No spoilers, this is a recommendation.
You should read Velocity by Dean Koontz because it’s an interesting concept combining the over-the-top theatrics of an antagonist with the fairly realistic main character to counterbalance. Follow Billy Wiles, a rather unassuming bartender who receives a rather strange message on his car window:
“If you dont this note to the police and get them involved, I will kill a lovely blond schoolteacher somewhere in Napa County.
If you do take this note to the police, I will instead kill an elderly woman active in charity work.
You have six hours to decide.
The choice is yours.”
Don’t worry that’s not a spoiler, it’s on the back cover of the book sleeve.
There is a rather consistent fascination with life and death thematically. As more is revealed about the note maker and Billy himself, a new layer of how life is viewed and what occurs comes into view. However, one can argue that this is pretty typical for a book in the thriller genre. A certain character could even predict the future using the corpses of the roadkill she saw.
A quote that sums it up perfectly, “while life could be avoided death could not.” Death is inevitable is a rather common theme, but that doesn’t mean the thought doesn’t have merit.
Billy is by every sense of the word typical. He’s slightly above average intelligence, but extremely aware of his abilities. The man is constantly an anxious mess throughout the story and you can’t really blame him.
However, the most prominent theme deals with action and decision-making. From the note one can see that both options are net negatives, there isn’t a get out of this situation. There is the idea that inaction is a choice as well and that’s something everyone can relate to. It is hammered home that Billy Wiles isn’t anything special. He says it to himself, Koontz says it us, and based on what Billy shows off he is. Yet as the story escalates and Billy begins to deal with crazier events, he becomes a man of action. The average-looking barkeep without any military background or 7000 IQ is forced to make decisions all by himself to stop the notes. Near the end of the book, Billy becomes a new man in both resolve and even his friends begin to notice it and call him Bill instead. Perhaps, Koontz is trying to say that the choice of inaction holds us back from being who we truly are and want to be. Or at least that’s how I want to interpret it at least.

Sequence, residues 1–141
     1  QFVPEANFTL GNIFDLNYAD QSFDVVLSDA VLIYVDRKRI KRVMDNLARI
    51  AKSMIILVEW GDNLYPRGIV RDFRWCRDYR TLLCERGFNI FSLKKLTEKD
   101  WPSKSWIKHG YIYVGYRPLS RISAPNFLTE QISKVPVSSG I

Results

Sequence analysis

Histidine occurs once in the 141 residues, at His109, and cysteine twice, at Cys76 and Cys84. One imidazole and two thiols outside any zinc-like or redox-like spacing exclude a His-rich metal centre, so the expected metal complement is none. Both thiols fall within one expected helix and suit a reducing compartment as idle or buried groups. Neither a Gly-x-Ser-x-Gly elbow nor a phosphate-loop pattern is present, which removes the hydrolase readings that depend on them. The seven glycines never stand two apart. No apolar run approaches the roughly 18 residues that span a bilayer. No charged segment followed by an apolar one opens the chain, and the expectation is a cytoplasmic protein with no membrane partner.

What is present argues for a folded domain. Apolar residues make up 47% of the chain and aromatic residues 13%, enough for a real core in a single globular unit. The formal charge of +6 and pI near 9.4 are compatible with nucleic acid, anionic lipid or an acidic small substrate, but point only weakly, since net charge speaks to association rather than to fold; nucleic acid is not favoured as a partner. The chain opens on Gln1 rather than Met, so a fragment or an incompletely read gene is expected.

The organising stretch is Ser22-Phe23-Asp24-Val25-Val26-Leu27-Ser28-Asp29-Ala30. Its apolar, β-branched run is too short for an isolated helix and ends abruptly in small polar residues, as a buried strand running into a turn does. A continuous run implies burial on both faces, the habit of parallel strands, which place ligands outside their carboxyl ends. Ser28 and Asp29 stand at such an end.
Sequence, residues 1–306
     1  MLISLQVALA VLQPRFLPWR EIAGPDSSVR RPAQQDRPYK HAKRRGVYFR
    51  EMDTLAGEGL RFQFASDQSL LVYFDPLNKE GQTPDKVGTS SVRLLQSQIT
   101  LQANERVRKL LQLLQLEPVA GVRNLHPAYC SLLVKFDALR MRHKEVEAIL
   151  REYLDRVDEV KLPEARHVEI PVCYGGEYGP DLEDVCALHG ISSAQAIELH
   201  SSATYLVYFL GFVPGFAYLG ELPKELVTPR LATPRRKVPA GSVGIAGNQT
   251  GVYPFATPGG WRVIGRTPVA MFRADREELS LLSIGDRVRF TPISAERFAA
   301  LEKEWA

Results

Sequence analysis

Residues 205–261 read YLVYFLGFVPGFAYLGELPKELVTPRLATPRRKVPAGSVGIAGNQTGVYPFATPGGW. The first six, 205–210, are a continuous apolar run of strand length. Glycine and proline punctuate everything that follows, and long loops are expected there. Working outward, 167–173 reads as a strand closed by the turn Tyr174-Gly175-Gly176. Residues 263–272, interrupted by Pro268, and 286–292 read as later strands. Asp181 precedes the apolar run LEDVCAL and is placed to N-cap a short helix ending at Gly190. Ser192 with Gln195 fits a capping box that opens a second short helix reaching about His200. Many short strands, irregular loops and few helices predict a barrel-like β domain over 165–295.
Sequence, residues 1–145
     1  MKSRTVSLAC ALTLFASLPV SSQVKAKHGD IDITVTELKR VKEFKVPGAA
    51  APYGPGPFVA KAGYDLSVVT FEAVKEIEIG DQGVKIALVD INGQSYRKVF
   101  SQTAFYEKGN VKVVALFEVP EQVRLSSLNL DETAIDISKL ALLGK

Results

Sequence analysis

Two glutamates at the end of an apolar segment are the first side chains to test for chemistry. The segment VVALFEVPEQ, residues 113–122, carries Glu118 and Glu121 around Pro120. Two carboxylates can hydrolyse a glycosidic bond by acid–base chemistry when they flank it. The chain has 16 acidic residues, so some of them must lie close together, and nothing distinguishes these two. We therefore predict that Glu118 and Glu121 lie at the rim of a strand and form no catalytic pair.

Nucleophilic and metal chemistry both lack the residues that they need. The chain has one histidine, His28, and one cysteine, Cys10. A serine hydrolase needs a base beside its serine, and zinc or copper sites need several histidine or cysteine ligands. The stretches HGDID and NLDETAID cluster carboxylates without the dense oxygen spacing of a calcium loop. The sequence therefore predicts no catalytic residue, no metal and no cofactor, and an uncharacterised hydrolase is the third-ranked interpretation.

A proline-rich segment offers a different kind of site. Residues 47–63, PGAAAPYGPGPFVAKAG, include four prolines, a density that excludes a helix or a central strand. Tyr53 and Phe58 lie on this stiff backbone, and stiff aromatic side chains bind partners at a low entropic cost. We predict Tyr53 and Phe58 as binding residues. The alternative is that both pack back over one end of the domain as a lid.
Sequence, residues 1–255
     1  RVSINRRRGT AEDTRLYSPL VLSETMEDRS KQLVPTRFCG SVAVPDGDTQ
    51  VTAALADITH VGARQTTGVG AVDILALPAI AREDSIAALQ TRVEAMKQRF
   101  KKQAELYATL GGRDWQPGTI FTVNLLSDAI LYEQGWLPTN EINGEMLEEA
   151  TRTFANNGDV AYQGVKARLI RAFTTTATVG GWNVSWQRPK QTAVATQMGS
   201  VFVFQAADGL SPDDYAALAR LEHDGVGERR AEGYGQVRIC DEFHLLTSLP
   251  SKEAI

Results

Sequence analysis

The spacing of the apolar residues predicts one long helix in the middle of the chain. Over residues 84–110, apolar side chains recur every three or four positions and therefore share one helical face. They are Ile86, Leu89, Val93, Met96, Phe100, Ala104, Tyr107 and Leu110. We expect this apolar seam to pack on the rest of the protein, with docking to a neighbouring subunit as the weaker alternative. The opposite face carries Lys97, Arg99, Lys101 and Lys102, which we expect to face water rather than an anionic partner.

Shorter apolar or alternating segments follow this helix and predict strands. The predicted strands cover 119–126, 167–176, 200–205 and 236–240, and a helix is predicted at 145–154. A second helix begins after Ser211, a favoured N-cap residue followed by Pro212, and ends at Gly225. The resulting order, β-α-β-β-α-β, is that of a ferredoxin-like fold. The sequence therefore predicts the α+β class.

Outside of the themes, the novel itself is a very easy read and moves forward at a rather constant pace once the action picks up. The book is rather morbid (as if you couldn’t tell by the rest of this post), but nothing is overtly gory. For the most part, you’ll be following Billy going around town trying to figure out what to do next to stop the notes.
There is no doubt that Dean Koontz is one of the more popular thriller authors around and its no surprise he knows what he’s doing in terms of pacing and pulling various different aspects of his protagonist into one coherent theme. Check out his website linked here to learn more about him and browse his enormous collection of books.
However, the book is far from perfect. The beginning is pretty slow to start and the end seems far too abrupt. Considering the title it seems like its exactly as advertised, but the ending wraps up so well in places, leaving the reader feeling like certain aspects of the story were hyped up to be bigger issues than how the ending seemed to finish them off in a paragraph or two, but I can see how some people would be fine with that (which is perfectly valid).
Certain plot points hint towards something larger, but once the full reveal occurs, the story just keeps chugging along. With a small amount of rewriting it felt like almost a third of the book could have been cut.
TL:DR; Velocity isn’t the best thriller I have ever read, but given the quick read, cool premise, and likable protagonist there is enough to warrant a glance through. Those who love thrillers may burn out too quick before the story really gets going, but there is definitely a solid book underneath worth the time to read it.
Thanks for reading!